Group E: Data

Lab Rundown

Part I:

  1. 30 min drive to Alejandra’s farm
  2. A tour of the farm and it’s animals

Part II:

  1. An introduction on the origin and process of Alexandra’s dyes
  2. A look at the measuring and ratio for dyeing inside the barn

Part III:

  1. A deminstration of dyeing on the fire
  2. Methods of indigo dyeing

We visited Alehandra’s farm on April 27th.  It was a very peaceful experience to explore and to see the lovely animals of the farm. In addition to the two varieties of cattle with calves, there were turkeys, chickens, a cat, a guard dog, several breeds of sheep, one unneutered ram, and a guardian llama. We also experimented with traditional dyeing along with a variety of dye types and materials. 

At first, Alejandra introduced us to the different types of dye. These included; cochineal, indigo, marigold, and longwood. She said that each of the three latter dyes could make eight different colors. Marigold, she said, is very important to indigenous people in Mexico.  It can also be used for tea, everyday medicinal uses, and ceremonial uses on Day of the Dead. Marigolds give off certain kinds of chemicals that keep insects from the garden, so not only works as a dye, but can also be used to protect the rest of someone’s dyeing garden. She said indigo was from her hometown. It takes a lot of labor and a really long time  to be harvested and processed. Fermentation is necessary to achieve the pigment, and afterward it must be combined with either iron, fructose, or lime to be used as a mordant. Dyeing can take up to three days or even a week, depending on the complexities of the dying process. Cochineal is from the Kermes family of bugs, and a large number of these bugs is needed in order to obtain the desired amount of dye.

Dye type Materials Dye colorDye smell
LongwoodTree shavings Deep purpleNutty cedar 
IndigoIndigo plant leavesCool blueGrassy
Merigold FlowerheadsWarm yellowStrong Chamomile
Cochineal Mashed up bugsBright redNo smell
A Survey of the Dyes

After learning about the dye materials, we went to the shed to learn about the amounts of dye needed to create the desired effect of a good solid color. For marigolds, it’s necessary to have a ratio of 200g of fiber to 100g of marigolds. These marigolds are dried out on the rack in order to be ready for dyeing. They grow their blooms all year long and can be harvested multiple times until the frost. Marigold is the easiest of the plants to use for dye, and the whole plant can be used, including the stems. Alejandra then measured out the Logwood which required 50g per 200 g of fiber. The Logwood needs a lot less plant material to produce a rich color, potentially because it’s a denser material than the marigold. Each set of plant materials was wrapped up in a cheese cloth bundle in order to be easily removed from the boiling water. She said that traditionally, dyers kept the materials floating in the water without a filter, but this method is more efficient to use.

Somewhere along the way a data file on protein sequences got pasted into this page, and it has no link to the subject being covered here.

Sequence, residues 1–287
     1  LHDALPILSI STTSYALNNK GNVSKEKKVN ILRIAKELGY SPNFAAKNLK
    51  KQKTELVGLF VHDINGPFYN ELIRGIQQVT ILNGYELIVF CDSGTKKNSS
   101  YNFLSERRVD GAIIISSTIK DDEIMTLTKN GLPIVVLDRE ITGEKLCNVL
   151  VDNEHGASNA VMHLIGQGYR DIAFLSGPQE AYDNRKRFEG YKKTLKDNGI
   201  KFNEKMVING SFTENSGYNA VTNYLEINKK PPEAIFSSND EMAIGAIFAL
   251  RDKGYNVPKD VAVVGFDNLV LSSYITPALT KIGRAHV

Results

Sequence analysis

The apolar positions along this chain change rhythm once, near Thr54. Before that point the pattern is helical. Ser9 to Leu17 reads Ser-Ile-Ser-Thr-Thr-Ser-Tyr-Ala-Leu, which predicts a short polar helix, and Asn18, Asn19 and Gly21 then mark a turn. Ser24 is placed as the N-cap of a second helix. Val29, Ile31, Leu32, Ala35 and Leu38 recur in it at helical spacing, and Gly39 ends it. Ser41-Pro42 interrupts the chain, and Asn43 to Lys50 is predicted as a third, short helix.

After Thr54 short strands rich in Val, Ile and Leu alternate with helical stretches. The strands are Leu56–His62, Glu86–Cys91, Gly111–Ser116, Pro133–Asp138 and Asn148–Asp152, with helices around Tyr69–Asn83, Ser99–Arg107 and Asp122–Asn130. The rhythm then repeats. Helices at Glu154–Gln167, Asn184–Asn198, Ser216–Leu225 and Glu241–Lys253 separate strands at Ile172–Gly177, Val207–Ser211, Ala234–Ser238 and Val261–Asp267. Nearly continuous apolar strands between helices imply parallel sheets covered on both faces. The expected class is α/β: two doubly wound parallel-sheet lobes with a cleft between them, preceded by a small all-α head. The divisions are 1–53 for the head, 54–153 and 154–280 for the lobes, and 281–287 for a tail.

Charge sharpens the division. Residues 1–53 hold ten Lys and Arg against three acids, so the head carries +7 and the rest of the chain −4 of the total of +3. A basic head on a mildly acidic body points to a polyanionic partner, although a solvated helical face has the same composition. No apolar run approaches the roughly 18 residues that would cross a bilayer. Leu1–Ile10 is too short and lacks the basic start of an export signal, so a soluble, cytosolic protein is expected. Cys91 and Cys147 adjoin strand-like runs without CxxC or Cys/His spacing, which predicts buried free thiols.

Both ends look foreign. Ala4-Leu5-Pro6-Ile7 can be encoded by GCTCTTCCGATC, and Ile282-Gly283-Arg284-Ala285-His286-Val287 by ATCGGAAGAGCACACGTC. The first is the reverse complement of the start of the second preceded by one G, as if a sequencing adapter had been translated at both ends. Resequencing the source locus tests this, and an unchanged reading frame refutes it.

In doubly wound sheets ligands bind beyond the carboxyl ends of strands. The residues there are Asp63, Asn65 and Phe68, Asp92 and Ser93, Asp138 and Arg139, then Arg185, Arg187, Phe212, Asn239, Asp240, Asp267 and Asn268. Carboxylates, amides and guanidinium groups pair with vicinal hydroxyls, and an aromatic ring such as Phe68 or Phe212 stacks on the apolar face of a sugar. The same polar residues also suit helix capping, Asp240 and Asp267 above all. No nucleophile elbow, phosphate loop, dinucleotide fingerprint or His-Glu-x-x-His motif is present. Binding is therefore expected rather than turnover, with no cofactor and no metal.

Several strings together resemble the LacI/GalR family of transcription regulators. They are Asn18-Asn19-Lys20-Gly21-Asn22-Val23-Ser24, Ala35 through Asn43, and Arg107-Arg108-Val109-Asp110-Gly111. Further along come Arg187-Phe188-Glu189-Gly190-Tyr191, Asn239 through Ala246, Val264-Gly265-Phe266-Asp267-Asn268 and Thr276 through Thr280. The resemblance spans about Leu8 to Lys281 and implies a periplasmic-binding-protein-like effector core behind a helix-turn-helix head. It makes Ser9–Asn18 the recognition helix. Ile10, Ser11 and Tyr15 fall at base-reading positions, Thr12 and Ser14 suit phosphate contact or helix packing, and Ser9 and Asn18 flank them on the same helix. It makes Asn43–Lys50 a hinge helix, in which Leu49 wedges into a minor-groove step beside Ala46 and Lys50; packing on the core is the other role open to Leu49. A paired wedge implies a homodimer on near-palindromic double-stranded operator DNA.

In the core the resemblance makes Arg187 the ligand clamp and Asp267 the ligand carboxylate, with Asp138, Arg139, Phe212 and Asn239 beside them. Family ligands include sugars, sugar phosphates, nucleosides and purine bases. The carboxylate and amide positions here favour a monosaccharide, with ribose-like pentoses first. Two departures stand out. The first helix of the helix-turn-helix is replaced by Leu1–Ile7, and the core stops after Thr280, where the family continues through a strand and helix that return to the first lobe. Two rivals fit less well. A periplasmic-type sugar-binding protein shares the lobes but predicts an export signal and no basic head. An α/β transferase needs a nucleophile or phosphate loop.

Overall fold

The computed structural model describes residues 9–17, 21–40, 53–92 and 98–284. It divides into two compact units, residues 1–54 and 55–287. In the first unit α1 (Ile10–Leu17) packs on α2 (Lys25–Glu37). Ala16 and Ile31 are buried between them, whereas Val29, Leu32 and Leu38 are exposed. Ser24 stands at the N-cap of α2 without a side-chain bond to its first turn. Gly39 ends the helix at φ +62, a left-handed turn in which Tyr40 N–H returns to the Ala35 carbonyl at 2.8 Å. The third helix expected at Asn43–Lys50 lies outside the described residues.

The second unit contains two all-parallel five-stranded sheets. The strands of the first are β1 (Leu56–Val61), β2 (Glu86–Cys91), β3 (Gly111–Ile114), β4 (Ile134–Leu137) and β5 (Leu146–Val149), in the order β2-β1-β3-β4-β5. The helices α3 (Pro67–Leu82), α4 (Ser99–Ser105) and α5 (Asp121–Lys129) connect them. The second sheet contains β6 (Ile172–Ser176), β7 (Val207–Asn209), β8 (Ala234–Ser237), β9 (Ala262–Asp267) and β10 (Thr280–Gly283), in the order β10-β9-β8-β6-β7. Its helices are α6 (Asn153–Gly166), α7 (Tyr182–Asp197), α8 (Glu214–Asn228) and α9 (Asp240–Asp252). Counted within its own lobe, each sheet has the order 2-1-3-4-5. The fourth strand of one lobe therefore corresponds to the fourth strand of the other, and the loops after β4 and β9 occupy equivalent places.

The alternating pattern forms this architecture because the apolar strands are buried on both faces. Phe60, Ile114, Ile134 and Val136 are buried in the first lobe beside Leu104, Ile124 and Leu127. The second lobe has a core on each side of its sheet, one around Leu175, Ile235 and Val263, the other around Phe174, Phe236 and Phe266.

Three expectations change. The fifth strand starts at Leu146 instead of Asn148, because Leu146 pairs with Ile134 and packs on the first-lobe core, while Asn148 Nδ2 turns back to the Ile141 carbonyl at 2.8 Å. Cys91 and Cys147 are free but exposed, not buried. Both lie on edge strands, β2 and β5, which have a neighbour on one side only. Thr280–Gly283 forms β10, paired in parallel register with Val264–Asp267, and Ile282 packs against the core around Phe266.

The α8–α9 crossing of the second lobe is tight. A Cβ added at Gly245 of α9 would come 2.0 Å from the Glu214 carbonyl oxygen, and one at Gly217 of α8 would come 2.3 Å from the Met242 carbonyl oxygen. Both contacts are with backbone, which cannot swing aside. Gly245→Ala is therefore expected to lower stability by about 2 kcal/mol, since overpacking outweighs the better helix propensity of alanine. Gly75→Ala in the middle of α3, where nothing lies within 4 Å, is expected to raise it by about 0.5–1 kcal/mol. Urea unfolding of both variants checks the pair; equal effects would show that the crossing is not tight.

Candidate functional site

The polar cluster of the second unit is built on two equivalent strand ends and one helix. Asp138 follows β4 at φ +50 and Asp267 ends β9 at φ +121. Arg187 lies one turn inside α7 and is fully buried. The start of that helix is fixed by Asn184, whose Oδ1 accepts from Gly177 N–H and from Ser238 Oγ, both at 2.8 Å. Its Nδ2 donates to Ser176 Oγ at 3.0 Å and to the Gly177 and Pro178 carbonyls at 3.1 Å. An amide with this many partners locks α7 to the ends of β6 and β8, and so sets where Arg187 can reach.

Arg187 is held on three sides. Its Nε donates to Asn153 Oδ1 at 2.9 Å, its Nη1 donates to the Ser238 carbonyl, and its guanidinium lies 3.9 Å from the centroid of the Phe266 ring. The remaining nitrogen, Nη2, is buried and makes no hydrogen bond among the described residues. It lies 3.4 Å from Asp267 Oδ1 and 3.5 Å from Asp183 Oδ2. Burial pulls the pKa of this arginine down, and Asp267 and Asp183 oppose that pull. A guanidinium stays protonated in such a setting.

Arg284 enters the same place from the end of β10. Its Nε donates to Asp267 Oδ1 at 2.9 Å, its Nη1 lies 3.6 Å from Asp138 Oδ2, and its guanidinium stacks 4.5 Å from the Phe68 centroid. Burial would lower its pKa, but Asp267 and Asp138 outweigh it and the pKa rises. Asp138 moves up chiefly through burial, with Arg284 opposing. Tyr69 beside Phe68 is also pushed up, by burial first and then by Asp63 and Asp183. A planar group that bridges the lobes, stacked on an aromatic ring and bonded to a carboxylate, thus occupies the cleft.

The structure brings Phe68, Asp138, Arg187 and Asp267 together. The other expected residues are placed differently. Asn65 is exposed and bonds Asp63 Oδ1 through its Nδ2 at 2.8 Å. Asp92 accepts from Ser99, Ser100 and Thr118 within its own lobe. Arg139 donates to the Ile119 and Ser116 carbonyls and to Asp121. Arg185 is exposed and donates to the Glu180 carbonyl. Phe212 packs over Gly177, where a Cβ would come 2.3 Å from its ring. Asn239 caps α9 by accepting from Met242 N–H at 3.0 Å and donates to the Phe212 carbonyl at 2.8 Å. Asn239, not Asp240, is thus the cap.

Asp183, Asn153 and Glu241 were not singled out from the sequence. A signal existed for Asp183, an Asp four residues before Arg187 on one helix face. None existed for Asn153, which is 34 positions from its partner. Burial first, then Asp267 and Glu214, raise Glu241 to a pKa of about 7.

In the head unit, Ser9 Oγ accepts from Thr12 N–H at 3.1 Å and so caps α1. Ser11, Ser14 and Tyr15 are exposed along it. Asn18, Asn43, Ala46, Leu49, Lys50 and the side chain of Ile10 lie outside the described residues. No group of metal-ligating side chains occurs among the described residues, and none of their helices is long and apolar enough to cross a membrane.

The next step was to place two pots over a fire with boiling water. The Logwood and marigold bundles were then placed in the boiling vats. Next Anne and Luisa placed the yarn from Alejandra’s farm in the boiling substance.The undyed yarn began as half white and half and half gray in order to see the difference in the shade of the results. These steeped for about an hour before they were taken out. The result was a lovely dark purple for the Logwood and a warm sunshine yellow for the marigold. There was a slight difference in the coloring for the two yarn types for each, but from far away they both looked a monotone color (especially the Logwood). 

In the hour while we waited for the boiling dyes to steep, we experimented with the indigo, which was waiting in a plastic bucket beside the fires. Before we dipped anything into the vat, we prepped it in an alkaline solution. Once the material was fully submerged and wrung out from that solution, it was time to dip it in the indigo. People wear gloves to keep their hands from being dyed blue as well. The material was kept in the indigo for five seconds before taking it out.  When it emerged, the material, be it yarn or wool, oxidized first, turning a pale green, then deepening and becoming the traditional blue. We began with yarn, and then moved on to raw fiber, but that activity soon escalated into some people experimenting with  dyeing chunks of their hair on their heads, their shoelaces, and on one occasion,  someone’s shorts.  In the end we had a very successful time seeing with our own eyes the variety of ways dyes can take shape on fibers and experimenting with the results.

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